The only full-length studio album by German-American Progressive Thrash Metal band.
End Amen were a side project from members of Deathrow and Psychotic Waltz - two of the biggest names on the Progressive Metal scene. Line-up consist of: Uwe Osterlehner - vocals/guitars (Deathrow); Dan Rock - guitars (Psychotic Waltz, Darkstar); Siggi Blasey - bass (Crash Museum); Norm Leggio - drums (Psychotic Waltz, Teabag).
This album did a lot to establish a running trend in Germany lasting for 4-5 years, the Progressive Thrash Metal wave, which produced some of the finest bands of the 90s: Depressive Age, Lost Century, Megace, Skeptic Sense, Entophyte, etc.
Deathrow's last effort "Life Beyond", released the same year, was a fairly decent, but hardly exceptional follow-up to its mighty predecessor "Deception Ignored". Uwe Osterlehner, the main man behind the latter album, was apparently not satisfied with the results, and decided to give himself one more chance to reach Progressive Metal heights, and he managed to apologize with quite a style for the not entirely convincing swansong of his main act. Deathrow's touring partners that same year were the American Progressive Metal wizards Psychotic Waltz, who were following on the positive reception of their sophomore effort "Into the Everflow". Still, this album wasn't as compulsively great as their brilliant debut "Social Grace", seeing the band abandoning the more aggressive shreds for the sake of sprawling, Psychedelic, abstract song-structures and riff-patterns. In other words, both acts were beyond their creative peaks (not really beyond life yet, fortunately), and this fact called for one more temptation, for Osterlehner the last creation he would put his name under, and for the Psychotic Waltz guys the last production which could be labelled as "Thrash" before their complete surrender to the more accessible and more digestible. Apparently all the men involved were aware that this would be their last opportunity for real Progressive Thrash greatness, because the album begins in such a brilliant fashion with the first three compositions that if the whole of it had been sustained in the same level, we would have been talking "Deception Ignored 2" all these years...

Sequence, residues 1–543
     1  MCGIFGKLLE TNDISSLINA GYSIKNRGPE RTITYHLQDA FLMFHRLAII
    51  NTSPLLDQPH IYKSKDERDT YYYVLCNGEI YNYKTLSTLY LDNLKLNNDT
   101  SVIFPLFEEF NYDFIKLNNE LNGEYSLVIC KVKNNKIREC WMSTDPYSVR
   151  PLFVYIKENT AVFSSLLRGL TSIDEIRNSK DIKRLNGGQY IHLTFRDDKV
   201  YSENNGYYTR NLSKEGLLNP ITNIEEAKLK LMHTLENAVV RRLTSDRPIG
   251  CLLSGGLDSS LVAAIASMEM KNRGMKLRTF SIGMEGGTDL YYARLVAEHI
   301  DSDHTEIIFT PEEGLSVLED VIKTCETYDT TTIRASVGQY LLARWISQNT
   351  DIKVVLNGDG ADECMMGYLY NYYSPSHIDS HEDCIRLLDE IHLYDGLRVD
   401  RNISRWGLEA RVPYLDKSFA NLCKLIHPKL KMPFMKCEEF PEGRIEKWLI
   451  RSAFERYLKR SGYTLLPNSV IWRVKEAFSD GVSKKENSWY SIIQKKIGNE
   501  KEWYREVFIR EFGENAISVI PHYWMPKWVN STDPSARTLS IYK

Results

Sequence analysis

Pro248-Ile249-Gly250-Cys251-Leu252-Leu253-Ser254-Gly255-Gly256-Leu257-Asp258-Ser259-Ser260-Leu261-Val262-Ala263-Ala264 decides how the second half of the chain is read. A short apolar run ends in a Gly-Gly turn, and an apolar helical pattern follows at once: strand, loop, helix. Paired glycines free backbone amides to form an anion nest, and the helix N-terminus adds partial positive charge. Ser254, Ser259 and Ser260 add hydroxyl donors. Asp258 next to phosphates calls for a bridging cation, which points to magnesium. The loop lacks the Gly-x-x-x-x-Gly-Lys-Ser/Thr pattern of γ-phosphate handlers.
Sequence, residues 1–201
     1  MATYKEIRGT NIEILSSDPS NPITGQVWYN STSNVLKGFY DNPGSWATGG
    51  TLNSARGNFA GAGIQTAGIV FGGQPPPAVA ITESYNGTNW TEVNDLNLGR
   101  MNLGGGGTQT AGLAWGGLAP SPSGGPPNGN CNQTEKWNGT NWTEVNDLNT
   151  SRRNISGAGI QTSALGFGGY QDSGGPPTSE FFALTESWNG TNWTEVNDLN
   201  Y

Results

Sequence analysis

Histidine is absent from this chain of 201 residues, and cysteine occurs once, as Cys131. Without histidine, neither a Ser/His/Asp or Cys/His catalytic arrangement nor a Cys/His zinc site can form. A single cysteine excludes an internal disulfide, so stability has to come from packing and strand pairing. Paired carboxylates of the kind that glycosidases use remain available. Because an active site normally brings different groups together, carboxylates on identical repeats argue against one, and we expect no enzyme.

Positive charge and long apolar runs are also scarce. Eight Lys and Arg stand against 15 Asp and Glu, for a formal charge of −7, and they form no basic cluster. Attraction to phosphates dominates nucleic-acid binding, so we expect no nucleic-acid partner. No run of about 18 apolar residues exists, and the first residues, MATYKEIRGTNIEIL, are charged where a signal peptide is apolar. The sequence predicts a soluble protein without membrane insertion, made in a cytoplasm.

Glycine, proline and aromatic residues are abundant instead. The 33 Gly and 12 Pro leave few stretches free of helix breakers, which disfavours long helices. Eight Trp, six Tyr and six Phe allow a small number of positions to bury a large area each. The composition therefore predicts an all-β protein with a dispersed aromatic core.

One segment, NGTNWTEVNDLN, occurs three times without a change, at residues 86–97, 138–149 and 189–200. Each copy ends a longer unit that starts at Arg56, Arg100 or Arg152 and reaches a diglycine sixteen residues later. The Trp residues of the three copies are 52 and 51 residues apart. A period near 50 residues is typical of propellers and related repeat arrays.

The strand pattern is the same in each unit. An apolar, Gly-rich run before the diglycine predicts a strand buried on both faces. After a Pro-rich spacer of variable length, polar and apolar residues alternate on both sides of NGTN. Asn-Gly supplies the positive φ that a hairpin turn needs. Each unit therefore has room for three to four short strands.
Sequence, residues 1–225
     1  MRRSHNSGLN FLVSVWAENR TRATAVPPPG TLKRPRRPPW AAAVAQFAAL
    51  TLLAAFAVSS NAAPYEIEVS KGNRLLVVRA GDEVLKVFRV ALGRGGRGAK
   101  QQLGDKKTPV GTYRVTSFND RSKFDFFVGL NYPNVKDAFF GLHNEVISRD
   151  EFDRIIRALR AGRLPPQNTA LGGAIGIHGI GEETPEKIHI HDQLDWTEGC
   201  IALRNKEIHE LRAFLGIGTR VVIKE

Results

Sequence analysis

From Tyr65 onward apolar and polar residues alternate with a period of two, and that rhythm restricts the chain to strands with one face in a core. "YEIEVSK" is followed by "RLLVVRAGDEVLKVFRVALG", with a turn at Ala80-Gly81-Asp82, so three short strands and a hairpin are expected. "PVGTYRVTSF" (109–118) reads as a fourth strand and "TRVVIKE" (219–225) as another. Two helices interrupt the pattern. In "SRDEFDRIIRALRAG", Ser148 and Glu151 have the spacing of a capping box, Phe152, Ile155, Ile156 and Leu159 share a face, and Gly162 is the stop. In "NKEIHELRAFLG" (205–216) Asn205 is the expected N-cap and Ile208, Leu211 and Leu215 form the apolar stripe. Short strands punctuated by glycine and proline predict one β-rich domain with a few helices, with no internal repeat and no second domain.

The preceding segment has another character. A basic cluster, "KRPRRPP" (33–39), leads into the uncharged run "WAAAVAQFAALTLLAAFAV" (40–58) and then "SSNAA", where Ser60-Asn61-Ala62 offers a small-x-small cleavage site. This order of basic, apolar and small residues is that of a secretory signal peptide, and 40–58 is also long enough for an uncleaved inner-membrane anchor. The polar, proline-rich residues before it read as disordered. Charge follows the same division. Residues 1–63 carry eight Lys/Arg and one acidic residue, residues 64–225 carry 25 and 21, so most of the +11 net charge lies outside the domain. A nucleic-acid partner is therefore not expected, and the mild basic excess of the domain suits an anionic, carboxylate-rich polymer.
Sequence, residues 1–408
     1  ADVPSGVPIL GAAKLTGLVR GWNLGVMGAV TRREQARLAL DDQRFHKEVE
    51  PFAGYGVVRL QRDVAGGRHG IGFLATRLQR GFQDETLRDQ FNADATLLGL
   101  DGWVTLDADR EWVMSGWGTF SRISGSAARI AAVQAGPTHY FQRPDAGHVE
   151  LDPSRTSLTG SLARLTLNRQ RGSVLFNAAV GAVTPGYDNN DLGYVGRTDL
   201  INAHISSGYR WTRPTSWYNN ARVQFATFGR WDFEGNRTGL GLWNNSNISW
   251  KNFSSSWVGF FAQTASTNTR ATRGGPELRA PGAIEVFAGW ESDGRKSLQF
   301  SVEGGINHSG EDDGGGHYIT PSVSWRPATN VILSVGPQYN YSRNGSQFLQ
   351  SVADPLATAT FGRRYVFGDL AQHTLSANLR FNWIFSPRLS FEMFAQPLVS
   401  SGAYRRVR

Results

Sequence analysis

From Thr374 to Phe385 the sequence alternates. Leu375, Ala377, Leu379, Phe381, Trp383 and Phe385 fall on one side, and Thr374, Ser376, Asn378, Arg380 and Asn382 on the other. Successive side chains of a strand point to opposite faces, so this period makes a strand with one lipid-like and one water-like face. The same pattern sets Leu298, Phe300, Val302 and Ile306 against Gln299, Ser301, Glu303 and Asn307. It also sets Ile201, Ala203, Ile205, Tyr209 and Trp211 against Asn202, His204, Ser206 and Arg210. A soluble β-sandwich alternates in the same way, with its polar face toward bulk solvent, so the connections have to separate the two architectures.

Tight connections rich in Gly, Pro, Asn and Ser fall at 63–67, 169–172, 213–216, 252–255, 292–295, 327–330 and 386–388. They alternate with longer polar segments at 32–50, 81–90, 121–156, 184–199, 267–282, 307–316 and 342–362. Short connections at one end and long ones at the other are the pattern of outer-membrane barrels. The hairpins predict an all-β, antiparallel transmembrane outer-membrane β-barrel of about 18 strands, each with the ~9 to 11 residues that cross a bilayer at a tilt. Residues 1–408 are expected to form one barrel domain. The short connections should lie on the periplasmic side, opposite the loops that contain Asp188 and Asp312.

Consequently, this album is "a beast" of its own, sounding like a distant, not very legitimate, relative of the two bands' magnum opuses. At the same time its rich atmospheric undercurrents didn't quite serve as a rigid template for the other bands from the wave to follow, but the more initiated would be able to see influences from past achievements in the genre, like Hexenhaus' "Awakening" and Toxik's 'Think This". Its unique mixture of hard complex Thrashing and sinister keyboard sweeps could have been elaborated on; the guys could have given it one more try, if not for them, at least for the fans, but the disillusionment was already too big in the Deathrow camp for anyone to be interested, and the Psychotics were already too spaced out to get back to normal. It's a shame End Amen couldn't take off into something more than a one-shot. Frankly, though, it would have fallen on deaf ears at the time it manifested. So this was the beginning, and the end...
If you find yourself enthralled by the works of Mekong Delta, Watchtower, Calhoun Conquer, Paradox, Depressiv Age/D-Age, and later Deathrow, then this is certainly something you would value in your collection!!
Institute Of Art Records, 1992 (RTD 397.0001.2). Bootlegged replica. Used (cover/disc): EX/EX.
1. World In Decay 5:44
2. Prisons Of Posterity 4:53
3. End Amen 5:39
4. Rebirth 5:58
5. Mystic Mountains 1:30
6. A New Day's Absurdity 7:04
7. Nocturnal March 4:55
8. Your Last Orison 4:52
9. Silence 3:00 Total playing time: 43:37 min.